Kieran Gilbert, Host: Joining me live in the studio is the Assistant Minister for Trade Tim Ayres, who's off to China himself tomorrow to attend the Bo’ao Economic Forum. Minister, thanks for your time. Is this - not to downplay the importance of your trip, but is this a stepping stone to get the Trade Minister there and then essentially the Prime Minister to visit the Chinese president at some point?
Tim Ayres, Assistant Minister for Trade and Assistant Minister for Manufacturing: Well, we've seen a steady progression as we've been working through the process of stabilising the relationship with China. You know, we are being systematic, careful, acting in the national interest here. So last year, the Prime Minister had a meeting with President Xi at the G20. Penny Wong travelled to Beijing to meet with her counterpart. I had a brief meeting in Europe early this year with the Vice-Minister for Trade, Wang Shouwen, and there's been a follow up video meeting between the Trade Minister, Don Farrell, and his counterpart. And an invitation has been extended to Minister Farrell to travel to China. And I expect that to happen over the coming weeks and months. So, this is one more example of us, in a careful and sustained way, making sure that we do what is required to stabilise relations with our largest trading partner.
Kieran Gilbert: We've seen some of the trade tariffs gradually come off as well. You spoke about those political steps. The trade restrictions have also eased, but there's still a fair way to go for a number of our exporters.
Assistant Minister: There's a long way to go before you would say that the trade relationship with China has returned to normal. So there has been some relaxation of some of these trade impediments.
Kieran Gilbert: What's still there?
Assistant Minister: Coal in particular.
Kieran Gilbert: So, coal is relaxed?
Assistant Minister: But we've got to do - we're on two tracks here, really. One is we are making the case at a political and ministerial level, publicly and in direct discussions with our counterparts, but also making sure that there is a high level of engagement at the official level and the technical level to make sure we resolve any of the outstanding issues. There is still a lot of progress to go in areas like barley, areas like lobster, areas like wine. These are significant exports, not just at an aggregate level, but for particular regions of Australia. And we're going to continue to press the case, Kieran.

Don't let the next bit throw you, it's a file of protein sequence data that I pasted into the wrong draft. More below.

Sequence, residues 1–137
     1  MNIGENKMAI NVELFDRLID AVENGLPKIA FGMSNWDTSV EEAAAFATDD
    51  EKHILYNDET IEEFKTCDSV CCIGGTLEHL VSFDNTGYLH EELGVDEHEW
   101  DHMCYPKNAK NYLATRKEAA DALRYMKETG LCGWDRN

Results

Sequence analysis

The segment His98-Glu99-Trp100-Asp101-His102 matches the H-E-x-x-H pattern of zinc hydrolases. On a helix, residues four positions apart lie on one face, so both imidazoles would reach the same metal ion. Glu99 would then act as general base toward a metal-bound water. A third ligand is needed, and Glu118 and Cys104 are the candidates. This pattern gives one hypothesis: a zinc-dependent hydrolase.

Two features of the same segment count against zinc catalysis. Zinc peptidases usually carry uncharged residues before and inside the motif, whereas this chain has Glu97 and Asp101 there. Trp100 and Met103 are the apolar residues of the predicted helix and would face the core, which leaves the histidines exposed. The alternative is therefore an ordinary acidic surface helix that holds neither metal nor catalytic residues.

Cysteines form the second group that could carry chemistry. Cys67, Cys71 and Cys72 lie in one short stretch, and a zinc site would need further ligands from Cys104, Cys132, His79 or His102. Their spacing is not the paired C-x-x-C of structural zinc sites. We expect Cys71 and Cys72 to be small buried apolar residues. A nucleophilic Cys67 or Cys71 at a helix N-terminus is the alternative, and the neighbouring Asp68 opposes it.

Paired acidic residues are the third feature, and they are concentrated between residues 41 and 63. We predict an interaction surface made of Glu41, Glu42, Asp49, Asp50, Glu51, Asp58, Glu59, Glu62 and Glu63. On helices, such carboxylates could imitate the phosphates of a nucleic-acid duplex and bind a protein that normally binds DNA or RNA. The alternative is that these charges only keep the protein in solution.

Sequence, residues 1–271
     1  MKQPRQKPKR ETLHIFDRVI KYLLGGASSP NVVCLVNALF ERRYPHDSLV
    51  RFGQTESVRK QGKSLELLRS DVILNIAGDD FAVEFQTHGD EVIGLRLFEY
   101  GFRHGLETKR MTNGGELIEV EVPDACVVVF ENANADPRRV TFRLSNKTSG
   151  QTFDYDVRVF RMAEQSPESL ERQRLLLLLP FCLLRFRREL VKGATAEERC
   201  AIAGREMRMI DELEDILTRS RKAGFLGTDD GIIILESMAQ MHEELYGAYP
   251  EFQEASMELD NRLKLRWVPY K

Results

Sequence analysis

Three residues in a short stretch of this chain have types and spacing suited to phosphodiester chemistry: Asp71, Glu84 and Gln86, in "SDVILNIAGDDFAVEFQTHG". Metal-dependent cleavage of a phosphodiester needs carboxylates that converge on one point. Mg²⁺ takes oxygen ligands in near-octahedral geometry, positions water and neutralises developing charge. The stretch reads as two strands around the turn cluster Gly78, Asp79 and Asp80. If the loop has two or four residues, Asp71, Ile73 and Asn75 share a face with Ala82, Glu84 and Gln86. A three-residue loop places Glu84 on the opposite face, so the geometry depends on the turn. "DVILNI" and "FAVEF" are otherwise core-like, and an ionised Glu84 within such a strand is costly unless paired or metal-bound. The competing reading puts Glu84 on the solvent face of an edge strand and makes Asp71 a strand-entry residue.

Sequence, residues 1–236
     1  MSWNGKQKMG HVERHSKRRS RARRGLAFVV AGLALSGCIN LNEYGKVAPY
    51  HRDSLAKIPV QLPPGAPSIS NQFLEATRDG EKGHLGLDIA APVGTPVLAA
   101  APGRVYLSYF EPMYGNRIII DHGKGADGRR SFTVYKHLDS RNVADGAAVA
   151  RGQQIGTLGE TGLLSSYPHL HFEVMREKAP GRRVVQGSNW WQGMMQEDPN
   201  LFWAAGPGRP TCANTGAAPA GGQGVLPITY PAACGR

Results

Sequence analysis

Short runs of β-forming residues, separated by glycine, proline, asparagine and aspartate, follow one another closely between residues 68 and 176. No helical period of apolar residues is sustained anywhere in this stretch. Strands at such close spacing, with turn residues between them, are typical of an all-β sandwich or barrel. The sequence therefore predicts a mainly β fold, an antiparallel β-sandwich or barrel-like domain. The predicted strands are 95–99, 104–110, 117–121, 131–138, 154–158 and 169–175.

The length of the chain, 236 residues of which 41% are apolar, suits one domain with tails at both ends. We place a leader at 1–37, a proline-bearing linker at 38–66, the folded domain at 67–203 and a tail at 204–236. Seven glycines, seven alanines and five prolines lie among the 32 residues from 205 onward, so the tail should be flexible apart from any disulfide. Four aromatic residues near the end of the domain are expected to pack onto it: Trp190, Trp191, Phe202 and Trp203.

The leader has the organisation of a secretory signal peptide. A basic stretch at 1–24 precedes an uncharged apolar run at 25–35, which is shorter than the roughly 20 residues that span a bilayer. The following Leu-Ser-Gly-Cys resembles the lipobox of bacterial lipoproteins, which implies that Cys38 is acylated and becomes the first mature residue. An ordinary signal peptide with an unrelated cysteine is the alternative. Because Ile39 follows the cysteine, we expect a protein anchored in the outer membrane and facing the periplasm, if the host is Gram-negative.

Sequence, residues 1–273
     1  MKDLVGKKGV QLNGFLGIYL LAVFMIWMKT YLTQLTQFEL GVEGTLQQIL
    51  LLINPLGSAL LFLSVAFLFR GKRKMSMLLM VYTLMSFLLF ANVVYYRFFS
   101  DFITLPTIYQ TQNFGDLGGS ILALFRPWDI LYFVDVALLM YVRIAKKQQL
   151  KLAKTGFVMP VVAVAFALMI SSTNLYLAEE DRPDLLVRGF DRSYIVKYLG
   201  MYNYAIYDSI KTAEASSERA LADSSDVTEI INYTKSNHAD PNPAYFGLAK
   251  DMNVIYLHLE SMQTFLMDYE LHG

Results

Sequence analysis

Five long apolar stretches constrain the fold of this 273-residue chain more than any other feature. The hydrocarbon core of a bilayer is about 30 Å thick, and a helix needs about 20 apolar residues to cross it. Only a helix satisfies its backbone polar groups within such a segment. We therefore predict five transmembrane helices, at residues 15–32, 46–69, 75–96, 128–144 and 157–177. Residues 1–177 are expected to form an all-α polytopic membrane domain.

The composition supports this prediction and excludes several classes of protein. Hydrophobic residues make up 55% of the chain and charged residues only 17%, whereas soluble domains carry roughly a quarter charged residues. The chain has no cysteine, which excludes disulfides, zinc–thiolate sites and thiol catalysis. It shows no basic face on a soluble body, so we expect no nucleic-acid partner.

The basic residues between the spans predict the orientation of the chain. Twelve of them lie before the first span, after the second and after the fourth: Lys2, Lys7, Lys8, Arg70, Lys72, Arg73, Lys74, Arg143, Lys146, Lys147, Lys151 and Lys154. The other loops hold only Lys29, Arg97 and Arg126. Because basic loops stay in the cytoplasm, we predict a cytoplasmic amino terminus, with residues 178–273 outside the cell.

Kieran Gilbert: And wine was one of those ones where there was a big market and they weren't able to offload as much as, say, other commodities were able to. When you look at this relationship, did the AUKUS deal throw a spanner in the works? Has that caused any speed bump?
Assistant Minister: I don't believe that it's made any changes whatsoever. I mean, the AUKUS arrangements are not a new development. What has been a new development a few weeks ago is the Prime Minister and the Deputy Prime Minister and Defence Minister setting out the details of the critical path process. When Scott Morrison, as the Prime Minister in the last period of government announced the AUKUS arrangements, that was 18 months ago, supported by Anthony Albanese and the Labor Party. These changes have been telegraphed widely across the world and across the region. We have been utterly transparent about them. 60 briefings delivered to countries in the region, [a] briefing offered to our Chinese counterparts. It certainly would have come as no surprise to them.
Kieran Gilbert: So, there was no adverse reaction from the Chinese? We saw some of the rhetoric, but it didn't translate into any -
Assistant Minister: Well, I don't want to be a commentator on what the approach is. I just say it could not have been a surprise. We've been utterly transparent about these questions, and we intend to continue being transparent and open with the region. Our objective here is to make the region a safer, more stable place and to continue engaging with all of the countries in the region and the government of China in a sustained way.
Kieran Gilbert: My colleague reported just before our discussion, Daniel Andrews is also in China. He's heading to China this week. Does the Federal Government welcome that? Even though I wouldn't get you to defend his approach in not taking any media, which I was surprised about. But in terms of his engagement with China, is that a good thing?
Assistant Minister: Well, I think the Prime Minister has already acknowledged today this is a good sign and a good step forward. Having one of the State Premiers engaging at his level as well. That's a good sign.
Kieran Gilbert: Yeah. It would be nice if they were willing to take a couple of cameras, I think, and journalists. It's always a good thing for discourse, but as I say, you're federal, that's state. That would have been a bit of a surprise to you though?
Assistant Minister: Not particularly. I haven't paid attention to that arrangement. I did hear your interview before. I have to say, as an Assistant Minister, I don’t, you know - while I'd love the attention, I don't see a fleet of cameras following me everywhere I go. My trip will be really workman-like in terms of the approach that we take. We've got systematic progress to make and I'm looking forward as well to meeting with leaders and Trade Ministers from across the region.
Kieran Gilbert: Assistant Minister for Trade Tim Ayres. Thanks for your time.